Archive for the ‘missiology’ Category

… and setting the right priorities.


God of Mission

As I wrote last weekend, it’s not original. I like to give people these seven words and ask them to make a sentence… or two… or maybe more. Most sentences make sense, but I believe only one combination of these words is correct.

What would you come up with?

This blog is called John 20:21. That’s the verse where the resurrected Jesus walked through a locked door to say to a bunch of fairly frightened disciples:

Peace be with you! As the Father has sent me, I am sending you.

God the Father had sent God the Son into the world as a human baby initiating a massive change in his relationship with the world and the peoples of the world that he had created. If we tie John 20:21 in with Matthew 28:19 and Acts 1:8 (not to mention many more references throughout the Old and New Testaments), we see Jesus initiating another new stage in which he gives his followers down through the ages an awesome responsibility! A responsibility to be totally involved in what God the Father, Son and Holy Spirit are doing.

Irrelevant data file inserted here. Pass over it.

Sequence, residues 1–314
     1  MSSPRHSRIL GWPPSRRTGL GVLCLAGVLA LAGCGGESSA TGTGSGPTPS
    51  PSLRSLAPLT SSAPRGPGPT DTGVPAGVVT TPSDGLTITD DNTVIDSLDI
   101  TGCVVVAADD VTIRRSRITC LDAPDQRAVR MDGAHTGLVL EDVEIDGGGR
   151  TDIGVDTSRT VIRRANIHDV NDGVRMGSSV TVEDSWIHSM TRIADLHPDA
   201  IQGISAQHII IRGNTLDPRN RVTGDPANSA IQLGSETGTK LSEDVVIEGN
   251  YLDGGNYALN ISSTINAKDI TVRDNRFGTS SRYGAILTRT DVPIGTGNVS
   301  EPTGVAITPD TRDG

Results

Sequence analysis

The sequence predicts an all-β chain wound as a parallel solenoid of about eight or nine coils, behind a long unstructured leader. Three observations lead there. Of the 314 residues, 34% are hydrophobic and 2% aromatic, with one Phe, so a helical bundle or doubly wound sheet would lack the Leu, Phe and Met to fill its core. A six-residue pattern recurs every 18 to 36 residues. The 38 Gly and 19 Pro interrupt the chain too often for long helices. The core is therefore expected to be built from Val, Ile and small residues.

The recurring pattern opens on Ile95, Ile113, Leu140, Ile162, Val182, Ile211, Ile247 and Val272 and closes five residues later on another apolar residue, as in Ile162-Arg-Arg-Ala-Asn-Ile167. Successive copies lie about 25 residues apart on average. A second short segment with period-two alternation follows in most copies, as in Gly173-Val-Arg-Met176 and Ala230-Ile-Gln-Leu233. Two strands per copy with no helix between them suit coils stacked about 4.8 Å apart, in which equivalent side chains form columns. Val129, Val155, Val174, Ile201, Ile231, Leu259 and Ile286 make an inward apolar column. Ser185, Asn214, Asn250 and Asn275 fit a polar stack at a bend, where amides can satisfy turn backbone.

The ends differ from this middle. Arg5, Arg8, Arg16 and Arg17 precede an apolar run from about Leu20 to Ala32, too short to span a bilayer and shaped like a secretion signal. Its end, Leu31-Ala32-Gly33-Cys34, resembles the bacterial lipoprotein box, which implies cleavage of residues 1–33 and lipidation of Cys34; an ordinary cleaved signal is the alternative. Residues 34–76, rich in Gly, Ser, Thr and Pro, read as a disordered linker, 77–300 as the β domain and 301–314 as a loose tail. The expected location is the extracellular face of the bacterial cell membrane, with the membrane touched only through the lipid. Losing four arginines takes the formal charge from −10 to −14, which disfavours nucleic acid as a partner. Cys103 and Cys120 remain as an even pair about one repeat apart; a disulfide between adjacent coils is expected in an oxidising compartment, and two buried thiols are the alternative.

So what’s the answer to the seven word Mission Puzzle?

I was prompted to blog by another blog post entitled As the Father sent me written by Martin Lee (Executive Director of Global Connections). You can read more about Martin at the bottom of As the Father sent me. He starts like this:

Please help us in OUR mission – the cry of many mission agencies and committed missionaries. Evangelicals have always been and will always be activists. Yet it is so easy for the emphasis to be on my mission, my calling, my sending, my ministry and when this happens it should fill us with concern.

Does this fill you with concern? If you work for a mission agency or a church… have you ever been guilty of this possessive emphasis?

Have you got a sentence from the puzzle picture above that you are happy with? Reading Martin’s blog will certainly help!

After some references to early 20th century theology, you will find this…

God is a missionary God. ‘It is not the church that has a mission of salvation to fulfill in the world; it is the mission of the Son and the Spirit through the Father that includes the church.’

And later…

We are called simply to be part of God’s mission as we follow Jesus who said: ‘As the Father has sent me, so I send you.’ It’s not the church of God that has a mission, but the God of mission who has a church.

And he concludes…

UK mission agencies and churches probably need to think much more carefully about the key implications of their role in God’s mission. It is not about MY mission and the promotion of what we are doing, but the work of the Kingdom.